I wanted to (finally) give you a money dictionary that doesn’t require a dictionary to understand the word’s definition. That doesn’t exist . . . so I made my own. You know how you explain a term to a friend who doesn’t “get” it? That’s the way it’s written here. Let this glossary be your go-to guide for definitions with a practical perspective whenever you need a little cheat-sheet. Some stuff changes over the years, but these basics never go out of style.
Valuation: A valuation measures how much something is worth, now or in the future. There are different ways to value companies. Some are tied to profits, while some are tied to other metrics like users. In the tech world, you often see companies like Facebook or Twitter valued in the billions of dollars with no profits because their valuation is based on a strong user base.
Value Stocks -
Value Stocks: These are stocks that don’t have great earnings growth potential, but that trade at low valuations (low P/Es, for example). Value stocks tend to be more mature, settled, old-school companies like Coca-Cola or General Electric with steady earnings. They also tend to pay dividends.
Variable Annuity -
Variable Annuity: This is a type of insurance product generally sold to those who are preparing for retirement or are in retirement. An investor buys an annuity at a set price and then holds it without taking payments (though she can make additional investments) during a period known as the “accumulation stage.” Money is invested in open-ended mutual funds offered within the annuity and grows on a tax-deferred basis. After the accumulation stage, the holder of the variable annuity is able to withdraw money from the annuity or to “annuitize” it, in which case the insurance company sends the investor monthly income for life. For this reason VAs (as they’re sometimes called) are generally used for those seeking retirement income. The size and scope of these annuitized payments depend on the performance of the portfolio in which the variable annuity is invested, as well as the age of the investor and the current level of interest rates. (See also: Annuity)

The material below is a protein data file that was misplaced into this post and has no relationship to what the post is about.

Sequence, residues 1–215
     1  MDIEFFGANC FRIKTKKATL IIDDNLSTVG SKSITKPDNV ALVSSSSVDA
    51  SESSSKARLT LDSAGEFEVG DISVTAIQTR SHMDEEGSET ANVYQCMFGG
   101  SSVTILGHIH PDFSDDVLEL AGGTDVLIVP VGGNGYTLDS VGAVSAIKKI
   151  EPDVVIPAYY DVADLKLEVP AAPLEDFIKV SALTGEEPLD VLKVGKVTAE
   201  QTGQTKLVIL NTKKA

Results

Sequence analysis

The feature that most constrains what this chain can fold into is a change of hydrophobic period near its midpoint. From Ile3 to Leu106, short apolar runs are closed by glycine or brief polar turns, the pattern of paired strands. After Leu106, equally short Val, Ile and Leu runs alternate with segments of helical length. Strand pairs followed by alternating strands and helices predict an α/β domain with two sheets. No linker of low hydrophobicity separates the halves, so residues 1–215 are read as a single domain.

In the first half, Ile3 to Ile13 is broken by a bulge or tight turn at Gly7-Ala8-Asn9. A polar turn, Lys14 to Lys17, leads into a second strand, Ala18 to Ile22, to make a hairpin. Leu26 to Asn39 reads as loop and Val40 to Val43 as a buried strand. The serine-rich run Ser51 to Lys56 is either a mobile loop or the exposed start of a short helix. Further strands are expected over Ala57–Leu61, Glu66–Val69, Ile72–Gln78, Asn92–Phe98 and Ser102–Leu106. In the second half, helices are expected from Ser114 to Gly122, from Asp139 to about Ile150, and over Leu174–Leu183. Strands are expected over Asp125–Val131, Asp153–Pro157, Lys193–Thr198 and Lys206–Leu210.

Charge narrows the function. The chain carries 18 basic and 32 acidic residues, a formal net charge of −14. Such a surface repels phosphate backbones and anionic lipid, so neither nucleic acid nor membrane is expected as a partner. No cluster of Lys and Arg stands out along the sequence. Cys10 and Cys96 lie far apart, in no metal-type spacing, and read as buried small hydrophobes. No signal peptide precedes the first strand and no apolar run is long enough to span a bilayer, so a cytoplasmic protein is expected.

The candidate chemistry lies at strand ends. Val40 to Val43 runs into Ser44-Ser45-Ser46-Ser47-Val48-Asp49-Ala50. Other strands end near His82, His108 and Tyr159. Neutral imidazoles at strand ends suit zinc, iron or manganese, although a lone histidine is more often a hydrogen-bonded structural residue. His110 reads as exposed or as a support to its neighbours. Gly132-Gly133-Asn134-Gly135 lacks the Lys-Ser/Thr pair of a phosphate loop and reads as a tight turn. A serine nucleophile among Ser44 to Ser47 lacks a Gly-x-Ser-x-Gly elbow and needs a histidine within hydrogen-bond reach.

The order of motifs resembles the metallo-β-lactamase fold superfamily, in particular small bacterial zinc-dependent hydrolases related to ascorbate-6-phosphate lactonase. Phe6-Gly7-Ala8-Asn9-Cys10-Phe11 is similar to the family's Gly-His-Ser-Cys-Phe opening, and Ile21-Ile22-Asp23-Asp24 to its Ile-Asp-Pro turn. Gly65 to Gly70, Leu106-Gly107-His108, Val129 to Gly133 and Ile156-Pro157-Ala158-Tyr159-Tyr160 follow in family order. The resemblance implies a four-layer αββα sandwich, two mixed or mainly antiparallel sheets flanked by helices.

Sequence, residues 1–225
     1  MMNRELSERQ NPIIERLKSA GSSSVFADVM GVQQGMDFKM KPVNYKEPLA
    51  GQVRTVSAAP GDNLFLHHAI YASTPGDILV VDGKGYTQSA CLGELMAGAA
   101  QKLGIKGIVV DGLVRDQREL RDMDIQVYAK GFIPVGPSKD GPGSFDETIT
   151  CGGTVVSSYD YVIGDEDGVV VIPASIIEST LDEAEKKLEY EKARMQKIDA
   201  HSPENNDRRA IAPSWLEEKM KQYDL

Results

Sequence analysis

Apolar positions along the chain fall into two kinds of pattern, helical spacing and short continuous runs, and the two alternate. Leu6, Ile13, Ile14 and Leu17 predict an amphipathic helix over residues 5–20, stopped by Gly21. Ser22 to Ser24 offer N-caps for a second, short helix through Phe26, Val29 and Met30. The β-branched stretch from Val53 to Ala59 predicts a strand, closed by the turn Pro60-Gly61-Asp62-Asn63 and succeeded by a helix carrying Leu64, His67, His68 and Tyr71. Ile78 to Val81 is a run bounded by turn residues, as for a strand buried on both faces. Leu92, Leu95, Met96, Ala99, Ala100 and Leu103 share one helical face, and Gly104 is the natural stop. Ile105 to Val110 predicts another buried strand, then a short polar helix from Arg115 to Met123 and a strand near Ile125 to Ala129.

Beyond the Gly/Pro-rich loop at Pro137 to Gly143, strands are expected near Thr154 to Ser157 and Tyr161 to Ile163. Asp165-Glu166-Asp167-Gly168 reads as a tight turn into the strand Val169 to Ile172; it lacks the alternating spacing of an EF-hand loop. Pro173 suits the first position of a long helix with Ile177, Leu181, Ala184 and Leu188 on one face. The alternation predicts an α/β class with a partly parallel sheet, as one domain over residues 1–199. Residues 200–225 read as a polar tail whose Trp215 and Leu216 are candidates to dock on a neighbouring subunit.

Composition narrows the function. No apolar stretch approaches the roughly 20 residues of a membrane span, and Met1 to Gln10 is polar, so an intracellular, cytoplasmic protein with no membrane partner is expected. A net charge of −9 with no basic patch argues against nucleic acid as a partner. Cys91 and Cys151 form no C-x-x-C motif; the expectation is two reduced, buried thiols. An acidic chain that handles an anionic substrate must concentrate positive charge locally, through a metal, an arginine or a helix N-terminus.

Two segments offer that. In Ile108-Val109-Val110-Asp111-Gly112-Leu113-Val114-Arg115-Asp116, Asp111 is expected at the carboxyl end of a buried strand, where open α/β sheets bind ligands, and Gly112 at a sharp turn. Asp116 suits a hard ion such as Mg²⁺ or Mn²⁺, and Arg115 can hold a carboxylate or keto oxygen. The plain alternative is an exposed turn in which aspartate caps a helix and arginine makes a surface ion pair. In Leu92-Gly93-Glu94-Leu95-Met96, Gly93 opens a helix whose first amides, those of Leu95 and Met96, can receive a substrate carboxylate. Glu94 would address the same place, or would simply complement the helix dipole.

Variable Costs -
These are the costs that change over time, like the price of gas or your monthly utility bill. (See also: Fixed costs)
Venture Attorney -
A lawyer who specializes in the ins and outs of getting a new business, or “venture,” off the ground. This person will help your budding business with things like incorporating and fund- raising.
Venture Capital -
Venture Capital: This comes after seed money. And if you need it, you will have to give up some control of your idea and company to the venture capitalist (VC) or a venture capital firm giving you the money. The VC will give you the money you need only if they think you have potential (i.e., ability to make them money). (See also: Seed Money)
Refers to a category of business. On my show, Hatched, each episode is a different product “vertical”: one week it’s pet food, one week it’s cosmetics, one week it’s food products, etc.
A schedule that a company gives you, for stock or matching funds in your 401(k), that you don’t see the benefits of all at once but rather accumulate them over a period of time. If you leave the company before that period, say five years, is up, you may only get a portion of the money you would have gotten if you’d stayed the whole five years and became fully “vested.”